OSN: Others might say that Linux has some potential now in the technical workstation space or centrally-managed business desktop, but is still too rough for the home user. What do you think are the essential differences between business and home uses, and is there anything about Linux today that makes it suitable for one and not the other? Would you agree that Linux has a stronger entry point right now in businesses than it does in the home?

MR: Well for businesses the lack of ability to support the latest games is actually a feature. πŸ™‚ Since Linux does a great job with core office duties and internet tasks, it’s well-suited for business deployment today. We are working on large deployments with companies in telecommunications, entertainment and software businesses right now. Most are migrating their customer support staff first who do most of their work inside a web browser and then moving to their wider employee base. The cost savings and virtually non-existent security issues are compelling to businesses. However, we have hundreds of new Linspire users each day, and the majority of those are from consumers looking for affordability and security. We have to work harder to support those users, because they use a wide range of peripherals, software, etc., but it helps us get better and road tests us for when businesses are ready to try Linux.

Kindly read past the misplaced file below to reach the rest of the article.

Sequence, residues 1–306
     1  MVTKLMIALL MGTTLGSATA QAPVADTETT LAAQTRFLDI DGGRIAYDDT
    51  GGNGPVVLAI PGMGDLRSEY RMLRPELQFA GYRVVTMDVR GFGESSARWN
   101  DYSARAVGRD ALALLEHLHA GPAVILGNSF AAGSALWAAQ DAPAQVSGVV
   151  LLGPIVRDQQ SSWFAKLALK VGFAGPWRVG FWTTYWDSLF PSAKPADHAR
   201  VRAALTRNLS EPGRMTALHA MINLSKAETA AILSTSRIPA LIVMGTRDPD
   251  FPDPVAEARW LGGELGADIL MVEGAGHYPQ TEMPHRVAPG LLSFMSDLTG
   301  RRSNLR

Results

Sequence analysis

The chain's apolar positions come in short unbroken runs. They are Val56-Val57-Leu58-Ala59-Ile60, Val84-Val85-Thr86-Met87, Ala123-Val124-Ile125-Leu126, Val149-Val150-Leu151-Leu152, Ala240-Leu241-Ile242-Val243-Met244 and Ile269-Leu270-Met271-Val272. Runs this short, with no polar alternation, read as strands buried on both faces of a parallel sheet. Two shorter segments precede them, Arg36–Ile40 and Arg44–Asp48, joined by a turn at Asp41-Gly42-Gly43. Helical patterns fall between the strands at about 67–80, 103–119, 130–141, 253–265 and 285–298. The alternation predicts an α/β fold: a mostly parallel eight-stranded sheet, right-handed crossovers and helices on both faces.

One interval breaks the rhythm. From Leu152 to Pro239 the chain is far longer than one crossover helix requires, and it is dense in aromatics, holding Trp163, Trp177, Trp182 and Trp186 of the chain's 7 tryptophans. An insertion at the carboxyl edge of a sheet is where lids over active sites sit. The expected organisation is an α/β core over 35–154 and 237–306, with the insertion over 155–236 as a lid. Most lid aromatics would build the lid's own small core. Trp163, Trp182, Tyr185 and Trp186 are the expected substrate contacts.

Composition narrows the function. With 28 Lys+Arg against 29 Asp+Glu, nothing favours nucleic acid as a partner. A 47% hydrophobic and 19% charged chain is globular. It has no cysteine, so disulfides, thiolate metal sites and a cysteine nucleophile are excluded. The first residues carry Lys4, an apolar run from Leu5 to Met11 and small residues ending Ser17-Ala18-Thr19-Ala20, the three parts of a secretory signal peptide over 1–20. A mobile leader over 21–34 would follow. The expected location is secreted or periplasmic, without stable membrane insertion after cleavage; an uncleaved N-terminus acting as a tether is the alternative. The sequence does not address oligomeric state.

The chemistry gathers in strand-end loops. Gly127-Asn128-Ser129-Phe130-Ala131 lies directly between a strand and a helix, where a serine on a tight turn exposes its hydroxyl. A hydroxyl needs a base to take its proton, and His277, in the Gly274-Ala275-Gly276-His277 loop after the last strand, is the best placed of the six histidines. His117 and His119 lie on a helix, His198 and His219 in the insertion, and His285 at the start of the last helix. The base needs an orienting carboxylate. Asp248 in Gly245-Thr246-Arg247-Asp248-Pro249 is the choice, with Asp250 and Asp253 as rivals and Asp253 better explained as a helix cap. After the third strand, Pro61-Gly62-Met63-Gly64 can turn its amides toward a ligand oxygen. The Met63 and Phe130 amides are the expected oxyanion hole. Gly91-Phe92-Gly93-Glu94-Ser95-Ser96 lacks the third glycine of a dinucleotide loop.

OSN: What do you think are the core qualities that a non-techie home user is looking for in a computer, and why do you think a Linux system would fit the bill? And why wouldn’t a Windows XP system or a Mac fit just as well or better?

MR: Home users needs are not that different from business users. Remember Microsoft sells the identical products to both. Cost and security are again the largest factors. Home users are probably more concerned with support since they don’t have a technical staff to call upon. Apple makes great products, but they are very, very expensive.